Iran's President Hassan Rouhani said in a recent press conference that Iran is ready to assist the government of Iraq in dealing with terrorism. For understandable reasons, Iran is not willing to spearhead the fight with terrorists. However, it is also not willing to become notorious as a country that is not ready to defend its natural sphere of influence. During the past decade, the Islamic Republic of Iran had persistently urged the United States to withdraw its troops from Iraq and trust the responsibility for restoring regional security and stability to countries in the region. At present, it is not willing to witness once again the unilateral presence of the United States in Iraq because as soon as the American troops set foot on Iraqi soil, the assumption will be strengthened that no regional power in the Middle East is able to protect the region’s stability and security in the absence of the United States. The Islamic Republic of Iran clearly remembers how a similar mistake by European countries in the conflict of Kosovo in 1999, helped to prove the United States’ claim to being the “global police.” Iran will certainly not repeat the same mistake. Instead, the Islamic Republic of Iran has other trump cards to play in this game.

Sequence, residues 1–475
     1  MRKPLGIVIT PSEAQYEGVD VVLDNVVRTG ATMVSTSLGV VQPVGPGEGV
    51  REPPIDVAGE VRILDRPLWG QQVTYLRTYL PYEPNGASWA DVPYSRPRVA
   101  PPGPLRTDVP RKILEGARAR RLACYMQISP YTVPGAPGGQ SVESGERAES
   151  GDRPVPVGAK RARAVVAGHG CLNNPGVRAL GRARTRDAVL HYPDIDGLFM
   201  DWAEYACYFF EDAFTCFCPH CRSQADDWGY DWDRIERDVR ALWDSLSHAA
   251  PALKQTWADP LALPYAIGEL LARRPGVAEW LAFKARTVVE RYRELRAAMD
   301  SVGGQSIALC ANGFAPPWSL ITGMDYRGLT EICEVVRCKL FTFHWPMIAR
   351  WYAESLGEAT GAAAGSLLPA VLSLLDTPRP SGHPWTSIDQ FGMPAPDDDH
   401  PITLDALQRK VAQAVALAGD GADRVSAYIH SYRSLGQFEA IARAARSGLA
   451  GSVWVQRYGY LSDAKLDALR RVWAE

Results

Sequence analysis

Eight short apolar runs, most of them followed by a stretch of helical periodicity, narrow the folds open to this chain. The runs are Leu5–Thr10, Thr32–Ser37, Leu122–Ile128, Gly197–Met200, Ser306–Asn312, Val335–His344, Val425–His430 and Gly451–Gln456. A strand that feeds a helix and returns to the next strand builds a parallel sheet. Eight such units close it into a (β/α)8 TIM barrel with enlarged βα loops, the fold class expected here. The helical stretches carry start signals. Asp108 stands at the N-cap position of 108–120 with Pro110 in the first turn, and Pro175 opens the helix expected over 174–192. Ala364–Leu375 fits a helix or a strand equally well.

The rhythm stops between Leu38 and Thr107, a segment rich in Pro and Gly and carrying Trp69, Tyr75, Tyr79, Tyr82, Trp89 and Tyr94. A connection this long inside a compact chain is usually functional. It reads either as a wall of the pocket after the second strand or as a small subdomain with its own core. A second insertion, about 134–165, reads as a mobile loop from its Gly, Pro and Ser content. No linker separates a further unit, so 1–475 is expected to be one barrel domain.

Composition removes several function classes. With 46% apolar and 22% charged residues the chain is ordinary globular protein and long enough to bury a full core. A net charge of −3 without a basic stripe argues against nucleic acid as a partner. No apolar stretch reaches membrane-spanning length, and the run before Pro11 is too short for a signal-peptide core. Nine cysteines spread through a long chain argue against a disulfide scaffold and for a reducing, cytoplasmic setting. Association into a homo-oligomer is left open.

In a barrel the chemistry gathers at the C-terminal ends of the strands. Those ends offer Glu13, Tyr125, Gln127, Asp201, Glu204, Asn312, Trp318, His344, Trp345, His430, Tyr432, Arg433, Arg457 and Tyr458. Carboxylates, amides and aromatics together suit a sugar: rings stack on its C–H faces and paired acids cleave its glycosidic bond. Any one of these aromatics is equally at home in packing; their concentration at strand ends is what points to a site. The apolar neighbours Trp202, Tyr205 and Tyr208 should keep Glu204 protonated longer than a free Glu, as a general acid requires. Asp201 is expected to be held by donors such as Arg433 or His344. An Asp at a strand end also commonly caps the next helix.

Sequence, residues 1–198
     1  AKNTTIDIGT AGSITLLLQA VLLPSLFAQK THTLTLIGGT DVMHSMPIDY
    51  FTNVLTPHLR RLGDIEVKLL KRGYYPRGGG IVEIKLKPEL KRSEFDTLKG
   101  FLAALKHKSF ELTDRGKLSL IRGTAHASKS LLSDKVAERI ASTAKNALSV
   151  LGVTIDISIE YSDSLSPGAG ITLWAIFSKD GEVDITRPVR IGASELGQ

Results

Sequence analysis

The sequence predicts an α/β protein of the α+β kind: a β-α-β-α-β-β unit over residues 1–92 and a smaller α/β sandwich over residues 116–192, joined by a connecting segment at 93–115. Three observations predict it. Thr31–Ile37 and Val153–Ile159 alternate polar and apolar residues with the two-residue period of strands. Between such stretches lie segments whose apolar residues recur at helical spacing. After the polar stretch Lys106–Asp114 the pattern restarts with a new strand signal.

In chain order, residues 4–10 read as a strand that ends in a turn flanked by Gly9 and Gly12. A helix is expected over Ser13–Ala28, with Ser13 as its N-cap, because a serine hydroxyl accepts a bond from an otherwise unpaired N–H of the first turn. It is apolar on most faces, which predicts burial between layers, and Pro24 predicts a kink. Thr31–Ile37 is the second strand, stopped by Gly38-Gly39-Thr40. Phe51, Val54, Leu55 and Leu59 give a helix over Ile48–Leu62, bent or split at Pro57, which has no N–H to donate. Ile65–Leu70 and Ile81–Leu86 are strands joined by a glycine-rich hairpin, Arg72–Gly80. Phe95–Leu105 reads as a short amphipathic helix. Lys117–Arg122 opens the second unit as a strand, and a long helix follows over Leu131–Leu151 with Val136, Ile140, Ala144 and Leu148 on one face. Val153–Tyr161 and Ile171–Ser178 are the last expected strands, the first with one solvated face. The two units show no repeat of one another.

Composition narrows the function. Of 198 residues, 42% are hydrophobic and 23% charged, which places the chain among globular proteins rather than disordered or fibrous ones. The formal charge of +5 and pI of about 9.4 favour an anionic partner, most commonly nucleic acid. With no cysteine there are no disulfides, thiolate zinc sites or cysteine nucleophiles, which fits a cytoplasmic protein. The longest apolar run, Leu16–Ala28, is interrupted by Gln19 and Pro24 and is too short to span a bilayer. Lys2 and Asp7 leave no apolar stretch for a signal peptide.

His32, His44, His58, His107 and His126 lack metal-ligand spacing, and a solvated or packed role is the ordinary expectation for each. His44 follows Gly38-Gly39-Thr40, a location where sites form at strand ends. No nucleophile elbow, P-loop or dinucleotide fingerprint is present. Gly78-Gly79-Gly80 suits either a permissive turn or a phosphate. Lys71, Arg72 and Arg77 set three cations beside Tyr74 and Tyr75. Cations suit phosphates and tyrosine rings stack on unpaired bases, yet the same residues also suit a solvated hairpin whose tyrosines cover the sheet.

A useful and alternative initiative would be establishment of a rapid deployment force by the neighboring countries of Iraq, centered on Iran and Turkey, on the official request of the Iraqi government. In order to do this, Iran can encourage the Iraqi government to hand its official request for the establishment of this force to Iran. The next step will be to convene a meeting of Iraq’s neighboring countries to discuss this issue. As a final step, the composition of this force, its goals and a timetable for joint action to achieve the common goal of “helping the Iraqi government to fight terrorism,” will be determined. If this initiative were accepted by all neighboring states of Iraq, Iran would be able to play its leadership role as the main pillar of regional security in order to spearhead the war against terrorism in the region. If some of the neighboring countries of Iraq oppose this initiative, those countries that have opposed the plan will become more isolated internationally. In both cases, Iran's constructive role will be reaffirmed and this will be a major political win for the Islamic Republic.

Key Words: ISIL’s War in Iraq, Iran's Opportunity, Political Win, US, Direct Military Intervention, Iraq’s Neighboring Countries, Takfiri Militants, Hassan Rouhani, War against Terrorism, Hosseini

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*Photo Credit: IRNA